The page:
The word gender is derived from Latin “genus” via Old French “gendre”, meaning “class”, “kind” or “sort” and it referred to the division of Greek nouns into three classes: masculine, feminine and neuter. These classes have nothing to do with the meaning of the word. They just label the formal properties. The word “gender” is used either for a group of nouns or for the whole category. The first theories of grammatical gender rely heavily on the connection between grammar and physiology. Many early grammarians noticed that gender may be a function of the form of a word rather than its meaning (Corbet 1991: 92). According to Aristotle “the first of the Greek grammarians to isolate the category of gender was Protagoras, who classified names as masculine, feminine and inanimate according to the sex, or lack of sex, of their referents” (cited in Baron 1986: 92). Aristotle himself classified nouns according to their terminations rather than referential ← 11 | 12 → meaning. (ibid.: 92). Masculine gender and men’s language were considered as primary of creation and in importance, “the most important” (Goold Brown 1851- cited in Baron 1986: 3) and “the superior and more excellent” (James Harris 1751 cited in Baron 1986: 3). As Spender (1980: 3) points out, treating the masculine as the linguistic norm has been called “one of the most pervasive and pernicious rules that has been encoded”.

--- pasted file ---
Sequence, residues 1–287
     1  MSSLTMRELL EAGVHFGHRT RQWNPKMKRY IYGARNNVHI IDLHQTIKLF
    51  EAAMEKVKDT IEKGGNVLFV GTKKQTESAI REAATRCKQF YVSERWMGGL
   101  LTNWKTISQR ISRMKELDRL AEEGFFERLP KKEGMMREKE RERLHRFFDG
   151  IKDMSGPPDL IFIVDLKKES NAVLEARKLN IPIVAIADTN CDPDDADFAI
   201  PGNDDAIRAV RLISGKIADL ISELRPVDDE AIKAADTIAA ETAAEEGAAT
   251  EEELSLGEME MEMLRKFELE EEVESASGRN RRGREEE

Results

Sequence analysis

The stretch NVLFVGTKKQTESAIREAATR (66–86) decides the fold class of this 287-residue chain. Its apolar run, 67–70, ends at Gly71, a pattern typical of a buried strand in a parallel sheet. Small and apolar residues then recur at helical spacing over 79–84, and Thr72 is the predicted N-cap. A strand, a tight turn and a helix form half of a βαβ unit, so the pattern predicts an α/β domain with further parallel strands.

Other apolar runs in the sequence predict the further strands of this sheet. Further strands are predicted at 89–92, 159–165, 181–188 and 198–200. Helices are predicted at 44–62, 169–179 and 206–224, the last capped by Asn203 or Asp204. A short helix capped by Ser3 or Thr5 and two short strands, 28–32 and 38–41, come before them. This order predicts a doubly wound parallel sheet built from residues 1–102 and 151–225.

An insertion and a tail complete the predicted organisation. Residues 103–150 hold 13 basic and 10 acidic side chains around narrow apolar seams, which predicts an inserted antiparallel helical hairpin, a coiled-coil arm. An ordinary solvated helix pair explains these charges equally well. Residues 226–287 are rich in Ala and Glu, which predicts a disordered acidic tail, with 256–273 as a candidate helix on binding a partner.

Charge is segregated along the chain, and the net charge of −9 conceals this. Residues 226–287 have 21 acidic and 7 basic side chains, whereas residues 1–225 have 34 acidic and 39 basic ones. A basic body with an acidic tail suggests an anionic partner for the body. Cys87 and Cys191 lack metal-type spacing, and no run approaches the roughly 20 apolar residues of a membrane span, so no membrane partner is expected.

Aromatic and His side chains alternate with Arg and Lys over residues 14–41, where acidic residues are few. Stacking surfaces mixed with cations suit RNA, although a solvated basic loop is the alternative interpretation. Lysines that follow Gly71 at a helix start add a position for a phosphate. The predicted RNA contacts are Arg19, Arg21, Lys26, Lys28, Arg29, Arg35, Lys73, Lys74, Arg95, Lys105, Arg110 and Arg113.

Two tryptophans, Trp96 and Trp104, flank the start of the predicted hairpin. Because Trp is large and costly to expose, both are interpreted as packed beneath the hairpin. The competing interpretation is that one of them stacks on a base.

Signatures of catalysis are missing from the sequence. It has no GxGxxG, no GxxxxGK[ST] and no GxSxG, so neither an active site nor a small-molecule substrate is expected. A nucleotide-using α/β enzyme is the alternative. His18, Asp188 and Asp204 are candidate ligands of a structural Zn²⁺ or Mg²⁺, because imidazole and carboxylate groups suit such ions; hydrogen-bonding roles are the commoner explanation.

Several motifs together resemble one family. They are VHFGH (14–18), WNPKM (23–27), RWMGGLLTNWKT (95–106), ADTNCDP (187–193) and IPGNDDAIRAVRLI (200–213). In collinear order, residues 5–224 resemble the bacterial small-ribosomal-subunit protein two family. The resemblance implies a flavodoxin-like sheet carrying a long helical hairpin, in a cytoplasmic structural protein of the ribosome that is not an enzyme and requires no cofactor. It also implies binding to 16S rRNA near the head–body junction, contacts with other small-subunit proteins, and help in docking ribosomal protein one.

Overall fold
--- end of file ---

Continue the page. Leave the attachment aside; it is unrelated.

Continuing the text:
Even today, many linguists assume that the masculine is “the normal, or unmarked” gender and that all English nouns are masculine unless specially marked.(ibid.: 97)